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Wednesday, 26 May 1915

Mr FISHER (WIDE BAY, QUEENSLAND) - Still, it is only fair that the right honorable gentleman should have the opportunity to hear me. On behalf of the. Secretary of State for the Colonies, Mr. Rae replied to a question in the House of Commons. The Government take the strongest exception to the statement made that we had censored here information regarding our troops which was allowod to be published in England, and in accordance with the promise given to the House we made strong representations through the GovernorGeneral to the British Government practically in these terms -

My Ministers take strong exception to the reported statement made by Mr. Rae on behalf of Secretary of State regarding censoring Australian press news published in London that responsibility rested with Commonwealth Government.

The facts are that Commonwealth Government have followed implicitly secret and confidential instructions from the British Government in relation to all these matters. No advice of any kind has reached my Ministers which amplified tho terms of my telegram of 7th May.

Fact remains that on 2nd Marchsecret cable that Australian troops on way to Dardanelles, but no further advice received of their participation in action, and was compelled to assume that congratulatory message released press news, which was all we had.

That is, when the King sent his message congratulating us on the magnificent charge which had been made by the troops, we assumed that we were then free to make available the news, but we never received any proper official intimation that that was so. After all, it was an assumption that we could do that. The message continues -

Ministers press for more consideration in these matters, and desire clear statement of position at earliest possible moment, as much public anxiety and condemnation of Government for withholding news.

The reply from the Secretary of State, dated 25th May, is as follows: -

Your telegram 22nd May. Much regret any misunderstanding. Question and answer contained no reference to publication . or nonpublication of news as to Dardanelles. Question asked whether I could tell House what provisions are made with regard to censoring news destined to appear in Australian press; whether I wasawara that news already published in London had again been subject to restriction before publication in Australia; and, if so, what are public grounds on which such a course could be justified. I was not aware whether or not, in any case, your Government had withheld news published in London, and, therefore, answeredas follows : - " The responsibility for carrying out press censorship in Australia rests with Commonwealth Government, which has entire discretion in the matter of judging what may properly be published in Australia." I bad no intention of suggesting that your Government had not loyally carried out tho instructions from Home, but wished to indicate that they were free to delay publication in any ease if they thought fit.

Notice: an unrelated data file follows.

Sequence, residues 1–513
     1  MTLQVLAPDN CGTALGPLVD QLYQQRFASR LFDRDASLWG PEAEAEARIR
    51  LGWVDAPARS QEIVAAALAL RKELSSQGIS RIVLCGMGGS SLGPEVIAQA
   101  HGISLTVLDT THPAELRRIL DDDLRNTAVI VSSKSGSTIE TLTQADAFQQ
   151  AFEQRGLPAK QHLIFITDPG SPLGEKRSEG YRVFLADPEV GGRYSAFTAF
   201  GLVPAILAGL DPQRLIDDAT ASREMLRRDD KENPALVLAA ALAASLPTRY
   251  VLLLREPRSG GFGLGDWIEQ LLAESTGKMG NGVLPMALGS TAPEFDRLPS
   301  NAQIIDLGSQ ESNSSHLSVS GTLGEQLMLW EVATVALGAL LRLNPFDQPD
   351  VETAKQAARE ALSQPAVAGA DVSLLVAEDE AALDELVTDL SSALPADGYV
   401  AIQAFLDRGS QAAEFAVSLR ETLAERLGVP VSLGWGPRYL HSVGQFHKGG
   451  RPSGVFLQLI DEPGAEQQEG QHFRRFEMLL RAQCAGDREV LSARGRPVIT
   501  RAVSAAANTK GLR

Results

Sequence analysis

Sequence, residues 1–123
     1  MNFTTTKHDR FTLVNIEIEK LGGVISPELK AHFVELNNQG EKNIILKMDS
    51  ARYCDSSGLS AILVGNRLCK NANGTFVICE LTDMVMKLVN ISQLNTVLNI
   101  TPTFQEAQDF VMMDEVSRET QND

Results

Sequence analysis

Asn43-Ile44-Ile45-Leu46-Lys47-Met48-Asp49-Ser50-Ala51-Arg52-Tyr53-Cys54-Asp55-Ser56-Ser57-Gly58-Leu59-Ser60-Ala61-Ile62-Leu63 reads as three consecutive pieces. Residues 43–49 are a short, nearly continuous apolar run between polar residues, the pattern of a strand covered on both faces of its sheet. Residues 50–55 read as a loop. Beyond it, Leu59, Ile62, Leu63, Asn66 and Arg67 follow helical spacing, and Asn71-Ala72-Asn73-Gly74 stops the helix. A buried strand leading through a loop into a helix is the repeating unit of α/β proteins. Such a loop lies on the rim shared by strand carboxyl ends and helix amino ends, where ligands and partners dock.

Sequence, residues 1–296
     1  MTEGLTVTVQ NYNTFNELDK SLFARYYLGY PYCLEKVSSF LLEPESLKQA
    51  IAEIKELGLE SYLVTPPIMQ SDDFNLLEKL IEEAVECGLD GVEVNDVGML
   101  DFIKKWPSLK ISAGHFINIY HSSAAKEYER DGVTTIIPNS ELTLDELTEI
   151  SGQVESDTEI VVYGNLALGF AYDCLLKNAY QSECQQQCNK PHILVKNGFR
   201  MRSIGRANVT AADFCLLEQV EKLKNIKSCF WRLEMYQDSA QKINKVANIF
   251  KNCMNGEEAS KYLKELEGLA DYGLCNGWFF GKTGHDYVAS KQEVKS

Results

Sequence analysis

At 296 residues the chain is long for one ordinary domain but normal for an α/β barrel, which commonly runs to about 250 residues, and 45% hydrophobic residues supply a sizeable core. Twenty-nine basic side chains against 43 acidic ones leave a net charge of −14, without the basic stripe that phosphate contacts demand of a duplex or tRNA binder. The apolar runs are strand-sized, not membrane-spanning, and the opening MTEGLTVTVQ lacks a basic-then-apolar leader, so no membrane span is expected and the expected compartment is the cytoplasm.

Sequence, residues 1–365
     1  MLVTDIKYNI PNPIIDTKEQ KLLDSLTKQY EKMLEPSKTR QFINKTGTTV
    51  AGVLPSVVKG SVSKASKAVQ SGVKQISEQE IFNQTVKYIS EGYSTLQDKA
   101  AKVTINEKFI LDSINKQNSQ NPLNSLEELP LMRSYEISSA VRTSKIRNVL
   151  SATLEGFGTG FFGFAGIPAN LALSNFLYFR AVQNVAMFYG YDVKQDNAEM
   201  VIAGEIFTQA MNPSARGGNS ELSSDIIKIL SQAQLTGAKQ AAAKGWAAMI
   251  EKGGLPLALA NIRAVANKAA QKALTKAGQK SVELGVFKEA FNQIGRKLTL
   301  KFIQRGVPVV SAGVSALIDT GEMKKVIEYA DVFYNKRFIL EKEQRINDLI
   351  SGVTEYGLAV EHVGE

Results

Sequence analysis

Mr Joseph Cook - Or to publish.

Mr FISHER - Our instructions are definite, distinct, and clear, and we would be wanting in common sense if we did not interpret them in the way we did. Until the message came, until we were released, we had no right to publish anything, and I regret that I have to say so in such straightforward terms. Until we are released we assume that common-senso action will be taken, and that we will he notified when news of importance may be made public.

Mr McWilliams - Do you think that common sense . is . always used by the censor ?

Mr FISHER - We have not got to that point yet. The Government have been censoring matter in accordance with the instructions of the Imperial authorities, and have laid down this principle which we will act upon-

Mr Joseph Cook - The trouble is that you have been censoring stuff here.

Mr FISHER - I ask the right honorable gentleman not to mix up the two things. We have said to the Imperial authorities that what they think necessary we will do, and we are not here to interpret a direction now in one way and then in another way, but now that the matter has been raised in such a direct manner, and we have been practically misrepresented in the House of Commons by an answer to a question, we want a definite and distinct statement as to what our position is.

Mr Joseph Cook - Mr. Speaker

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